clock menu more-arrow no yes mobile

Filed under:

Should the Knicks bring in free agent Mo Bamba as a backup center?

New York native.

NBA: Orlando Magic at New York Knicks Vincent Carchietta-USA TODAY Sports

In 2018, the Knicks were rumored to be very interested in drafting Harlem’s very own, Mo Bamba, with the ninth pick. They never got the chance to do so as he was selected by the Orlando Magic with the sixth pick. The Knicks ended up drafting Kevin Knox, and while that didn’t go amazingly, it’s hard to call Bamba’s career so far a success either. There’s still a chance that he develops into the type of player that scouts and fans thought he could be, but Bamba struggled over his first three seasons, averaging just 6.5 ppg 5.2 rpg and 1.3 bpg in just 15.3 mpg. And just as concerning as the numbers, were his injury concerns — he played just 155 games over those three seasons. However, just when people started thinking that Bamba could be end up a bust, he had himself a very solid season in the 2021-22 campaign.

Finally healthy and getting more consistent minutes, Bamba averaged career highs in points, rebounds, assists, steals, blocks, and games. With averages of 10.6 ppg, 8.1 rpg, and 1.7 bpg, Bamba doesn’t seem like a needle mover, but his skillset and fit could make him an intriguing target for the Knicks. The former Texas Longhorn came into the league being known as a rim protector and that is probably still his calling card. He uses his size (7’0”, 7’10” wingspan), and his great defensive instincts to lockdown the paint pretty well. Over his career, he has averaged 2.8 blocks per 36 min and while he does tend to get in foul trouble at times (4.2 fouls per 36 min), the eye test shows that with a bit more development, he could be an intimidating force on that end.

Bamba is often able to jump after the shot goes up due to his size and athletic ability, allowing him to contest shots well. And while he isn’t Robert Williams or Bam Adebayo when asked to switch out on to smaller and quicker players, he isn’t a complete liability there either. But surely, there are other bigs that could offer similar things. Heck, the Knicks have Jericho Sims who showed the ability to do a lot of what I just mentioned in his limited minutes last season.

However, Bamba has one skillset that none of the other bigs really have: three-point shooting. Sure Taj Gibson shot 39.5% from downtown but he only made 15. As much as we love Gibson, we can all agree that it is probably within the team’s best interest if he isn’t relied on too heavily going forward. In an age where shooting and the ability to space the floor are a crucial and premium skillset, Bamba’s ability to knock down three-point shots at his position (only one qualifying center shot a higher 3P% last season) could do wonders for the Knicks.

At this point, we all know that both Julius Randle and RJ Barrett, the two leading scorers for the Knicks last season, like to attack the paint. And while Mitchell Robinson is a great vertical threat, his inability to space the floor can often clog things up. There were many times last season when Randle would put his head down and drive but would run into a help defender who was coming off of Robinson. And often, Randle would force up a contested shot or try to force a pass through traffic only to have it stolen. Having a big man like Bamba will give the Knicks, and more importantly, Tom Thibodeau (who loves playing big), the ability to space the floor out for their main ballhandlers while still having defense and rim protection on the floor.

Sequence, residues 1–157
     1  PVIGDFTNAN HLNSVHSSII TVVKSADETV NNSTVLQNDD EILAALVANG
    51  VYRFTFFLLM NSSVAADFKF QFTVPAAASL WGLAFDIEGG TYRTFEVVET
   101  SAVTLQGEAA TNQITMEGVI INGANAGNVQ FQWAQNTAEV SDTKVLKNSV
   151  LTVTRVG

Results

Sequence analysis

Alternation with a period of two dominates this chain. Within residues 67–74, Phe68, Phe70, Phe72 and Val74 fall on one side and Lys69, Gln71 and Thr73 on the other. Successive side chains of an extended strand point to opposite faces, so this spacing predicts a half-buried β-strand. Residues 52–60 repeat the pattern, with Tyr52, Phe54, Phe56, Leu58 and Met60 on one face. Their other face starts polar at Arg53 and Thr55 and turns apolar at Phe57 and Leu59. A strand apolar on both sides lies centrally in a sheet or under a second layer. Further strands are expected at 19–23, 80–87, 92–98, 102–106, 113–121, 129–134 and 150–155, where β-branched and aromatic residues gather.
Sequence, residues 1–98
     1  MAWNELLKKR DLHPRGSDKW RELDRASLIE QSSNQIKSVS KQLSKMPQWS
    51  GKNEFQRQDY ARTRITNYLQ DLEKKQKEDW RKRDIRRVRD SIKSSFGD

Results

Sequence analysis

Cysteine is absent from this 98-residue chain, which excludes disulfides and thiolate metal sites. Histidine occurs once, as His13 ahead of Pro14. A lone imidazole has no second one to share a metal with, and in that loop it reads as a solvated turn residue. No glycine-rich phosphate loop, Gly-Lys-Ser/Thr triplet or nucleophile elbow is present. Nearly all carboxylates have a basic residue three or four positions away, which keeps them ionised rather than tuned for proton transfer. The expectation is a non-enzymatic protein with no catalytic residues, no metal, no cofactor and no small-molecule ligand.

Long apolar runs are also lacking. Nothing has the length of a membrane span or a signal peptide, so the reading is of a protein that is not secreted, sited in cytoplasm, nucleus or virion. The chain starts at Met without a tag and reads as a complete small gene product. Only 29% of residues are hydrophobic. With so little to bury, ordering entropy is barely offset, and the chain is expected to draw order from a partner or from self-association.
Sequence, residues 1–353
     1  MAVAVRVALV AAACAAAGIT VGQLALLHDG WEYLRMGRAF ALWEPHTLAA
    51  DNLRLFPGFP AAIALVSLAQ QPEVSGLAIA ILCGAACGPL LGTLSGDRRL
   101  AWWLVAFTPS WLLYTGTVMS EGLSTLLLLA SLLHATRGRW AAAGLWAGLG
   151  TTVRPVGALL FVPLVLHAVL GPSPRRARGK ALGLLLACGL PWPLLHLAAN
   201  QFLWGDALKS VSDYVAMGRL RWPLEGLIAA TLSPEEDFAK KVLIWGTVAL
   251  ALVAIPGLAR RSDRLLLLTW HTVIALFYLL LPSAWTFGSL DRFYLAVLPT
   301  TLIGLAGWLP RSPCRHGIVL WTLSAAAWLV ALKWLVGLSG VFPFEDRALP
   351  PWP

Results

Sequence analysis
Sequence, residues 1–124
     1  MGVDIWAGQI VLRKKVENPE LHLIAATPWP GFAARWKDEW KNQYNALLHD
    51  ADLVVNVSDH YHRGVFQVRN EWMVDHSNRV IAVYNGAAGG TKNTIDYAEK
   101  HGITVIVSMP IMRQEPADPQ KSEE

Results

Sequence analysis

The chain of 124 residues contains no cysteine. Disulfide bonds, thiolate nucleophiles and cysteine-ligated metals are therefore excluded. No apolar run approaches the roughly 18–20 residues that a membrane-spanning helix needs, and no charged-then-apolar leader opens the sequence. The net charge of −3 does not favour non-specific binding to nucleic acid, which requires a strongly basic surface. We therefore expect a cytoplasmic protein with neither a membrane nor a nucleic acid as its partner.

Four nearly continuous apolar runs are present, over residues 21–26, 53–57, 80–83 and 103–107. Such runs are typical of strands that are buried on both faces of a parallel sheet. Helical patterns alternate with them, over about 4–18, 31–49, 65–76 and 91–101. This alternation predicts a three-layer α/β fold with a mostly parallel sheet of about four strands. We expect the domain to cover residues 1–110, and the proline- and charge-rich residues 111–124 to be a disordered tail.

Another thing that was impressive with Bamba was his decisiveness. While he isn’t a playmaker and isn’t necessarily asked to make difficult decisions, he seems to have a knack for making quick decisions. When he receives the ball, if he is not setting up for a three-point attempt, he is often getting rid of the ball quickly. In an offense that lacked ball movement and was very ugly at times, having a big that can make quick decisions could end up being a small but very helpful change.

It was reported that the Magic are not expected tender a qualifying offer to him, making him an unrestricted free agent. The Knicks will have competition as the Lakers, Pelicans, Raptors, Rockets, Heat, and Timberwolves are all reported to be interested in signing the young center.

Signing Bamba definitely will not be a priority as the Knicks have other big man options in Robinson, Gibson (as of now) and Sims. As mentioned above, he does have a history of missing a decent amount of games. But if the Knicks could convince Bamba to come home for a decent price, then it could end up being a great investment into a young player who still has the potential to become a unique and helpful piece. And let’s not forget, getting a young asset like Bamba not only gives them more talent but could end up being another trade chip going forward as well.